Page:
This past year, I had the privilege of helping to support an initiative called Lifting Dreams which sponsored eight young athletes to attend the World FINA Championships in Budapest, Hungary. The athletes were chosen for this because they themselves had shown fortitude in overcoming obstacles in their own lives, and, coming from lower income backgrounds, had never had the opportunity to travel. During the trip they watched swimmer Joseph Schooling in action, and then had the opportunity to meet and talk to him. Inspiration has a ripple effect. Inspired by the opportunity, and Schooling's example, each of the eight today continue to inspire others in their own, smaller circles.
Similarly, the transformation of Scrooge would in turn transform the lives of others.
The theme of my essay is the meaning of Christmas for 21st century Singapore. If it has a meaning for Singapore, other than just a religious celebration for one religious community, then that would, as I have hinted, have to be a meaning that is not strictly Christian. This is because Singapore is and must be a multicultural and multi-religious society, with a core value of interfaith understanding and acceptance. Of course, I am not suggesting that people of faiths other than Christianity should celebrate Christmas as a religious festival or as a secular holiday. What I am seeking to tease out is the positive meaning that Christmas holds that is not limited to Christians.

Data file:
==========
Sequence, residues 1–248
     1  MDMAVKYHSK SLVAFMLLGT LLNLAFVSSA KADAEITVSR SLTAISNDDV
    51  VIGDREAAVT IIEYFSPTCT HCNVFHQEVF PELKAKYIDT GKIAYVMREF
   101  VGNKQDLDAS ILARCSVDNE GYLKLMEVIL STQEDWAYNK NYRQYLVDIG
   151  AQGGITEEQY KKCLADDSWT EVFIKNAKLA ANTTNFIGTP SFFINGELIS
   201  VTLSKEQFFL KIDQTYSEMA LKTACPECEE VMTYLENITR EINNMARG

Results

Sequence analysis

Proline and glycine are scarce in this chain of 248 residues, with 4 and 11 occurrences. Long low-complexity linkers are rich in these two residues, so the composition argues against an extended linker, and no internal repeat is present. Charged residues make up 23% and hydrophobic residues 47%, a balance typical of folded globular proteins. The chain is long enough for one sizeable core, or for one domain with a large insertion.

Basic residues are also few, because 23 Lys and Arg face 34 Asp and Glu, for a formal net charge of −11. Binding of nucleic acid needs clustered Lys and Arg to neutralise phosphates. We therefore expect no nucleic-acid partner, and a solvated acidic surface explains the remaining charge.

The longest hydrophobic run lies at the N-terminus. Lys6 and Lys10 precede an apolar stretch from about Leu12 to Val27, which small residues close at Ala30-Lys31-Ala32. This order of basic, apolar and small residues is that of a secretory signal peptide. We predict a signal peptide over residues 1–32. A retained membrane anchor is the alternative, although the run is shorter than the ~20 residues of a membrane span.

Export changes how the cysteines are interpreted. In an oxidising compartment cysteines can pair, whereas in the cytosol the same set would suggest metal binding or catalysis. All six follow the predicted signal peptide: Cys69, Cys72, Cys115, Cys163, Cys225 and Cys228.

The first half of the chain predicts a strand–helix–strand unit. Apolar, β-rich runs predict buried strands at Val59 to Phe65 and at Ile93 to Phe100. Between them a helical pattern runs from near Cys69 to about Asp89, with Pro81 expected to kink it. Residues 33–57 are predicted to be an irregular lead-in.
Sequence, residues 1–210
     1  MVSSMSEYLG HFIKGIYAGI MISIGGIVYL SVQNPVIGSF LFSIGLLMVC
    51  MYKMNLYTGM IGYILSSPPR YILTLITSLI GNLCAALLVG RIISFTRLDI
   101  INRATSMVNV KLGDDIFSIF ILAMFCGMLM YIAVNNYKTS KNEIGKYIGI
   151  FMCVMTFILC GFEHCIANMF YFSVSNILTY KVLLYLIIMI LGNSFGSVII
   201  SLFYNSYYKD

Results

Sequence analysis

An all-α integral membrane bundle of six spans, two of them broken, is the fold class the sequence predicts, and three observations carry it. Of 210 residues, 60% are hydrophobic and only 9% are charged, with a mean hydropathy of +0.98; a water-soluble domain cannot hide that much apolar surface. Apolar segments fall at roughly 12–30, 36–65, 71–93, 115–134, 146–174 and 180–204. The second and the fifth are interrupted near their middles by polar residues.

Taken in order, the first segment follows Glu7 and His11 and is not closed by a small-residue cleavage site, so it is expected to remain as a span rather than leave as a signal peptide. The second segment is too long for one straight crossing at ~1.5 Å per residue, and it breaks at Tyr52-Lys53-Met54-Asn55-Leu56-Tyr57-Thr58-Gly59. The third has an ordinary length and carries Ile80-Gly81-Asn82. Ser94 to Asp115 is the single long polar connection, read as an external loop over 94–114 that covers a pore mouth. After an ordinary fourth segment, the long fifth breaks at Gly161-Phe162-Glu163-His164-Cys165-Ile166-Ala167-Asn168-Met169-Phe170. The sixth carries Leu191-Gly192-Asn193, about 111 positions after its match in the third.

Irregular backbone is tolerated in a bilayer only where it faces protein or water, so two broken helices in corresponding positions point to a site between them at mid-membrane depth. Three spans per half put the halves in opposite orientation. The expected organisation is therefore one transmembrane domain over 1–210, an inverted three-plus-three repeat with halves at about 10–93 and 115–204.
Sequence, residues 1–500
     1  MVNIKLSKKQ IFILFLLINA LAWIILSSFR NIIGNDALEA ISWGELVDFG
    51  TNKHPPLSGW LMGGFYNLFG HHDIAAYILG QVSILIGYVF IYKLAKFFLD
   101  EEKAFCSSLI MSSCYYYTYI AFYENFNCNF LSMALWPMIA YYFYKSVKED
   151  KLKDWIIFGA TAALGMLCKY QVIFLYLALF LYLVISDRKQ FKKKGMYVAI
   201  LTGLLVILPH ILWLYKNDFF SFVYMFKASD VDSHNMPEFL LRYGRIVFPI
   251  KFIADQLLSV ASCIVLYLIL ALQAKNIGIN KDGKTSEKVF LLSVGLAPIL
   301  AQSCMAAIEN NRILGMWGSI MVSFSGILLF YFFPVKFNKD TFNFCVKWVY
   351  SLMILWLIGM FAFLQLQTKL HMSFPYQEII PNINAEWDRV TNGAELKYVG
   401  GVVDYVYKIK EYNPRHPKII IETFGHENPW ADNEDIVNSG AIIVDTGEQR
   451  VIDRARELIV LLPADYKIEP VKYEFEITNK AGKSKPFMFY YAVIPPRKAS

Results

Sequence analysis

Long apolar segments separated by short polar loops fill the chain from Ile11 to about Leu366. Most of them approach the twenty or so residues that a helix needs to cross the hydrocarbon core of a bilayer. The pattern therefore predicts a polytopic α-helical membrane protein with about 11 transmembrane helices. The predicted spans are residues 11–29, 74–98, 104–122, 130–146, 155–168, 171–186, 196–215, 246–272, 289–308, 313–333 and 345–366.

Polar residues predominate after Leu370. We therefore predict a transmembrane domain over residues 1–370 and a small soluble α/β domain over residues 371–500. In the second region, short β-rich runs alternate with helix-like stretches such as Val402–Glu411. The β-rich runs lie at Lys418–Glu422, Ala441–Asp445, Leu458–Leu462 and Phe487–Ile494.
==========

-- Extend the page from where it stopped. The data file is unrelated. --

Recently, an Irish Catholic priest proposed that Christians give up the name Christmas, because in his view Christmas has been hijacked by "Santa and reindeer", and generally debased by commercialisation. That is one response to what I gave earlier as the short answer to the question. A commercialised Christmas has no real meaning. But there is also the meaning that Christmas offers, not just in its origins but in the way it was adapted by Dickens, as a time for individual reflection not just on habits or three or more things to do or stop doing but on character and purpose. It is that deeper and more difficult form of reflection that the Ghosts of Christmas Past, Present and Future stimulated in Scrooge.
Singapore already has a festival of national reflection. Naturally enough, that is our National Day, when we discuss where we have come from, where we are and where we are going as a nation. August is the time of year dominated by this discussion. It does not mean that we do not contemplate national questions at other times of year. It is just that even in tropical Singapore, life has its seasons, and humans move to their rhythm.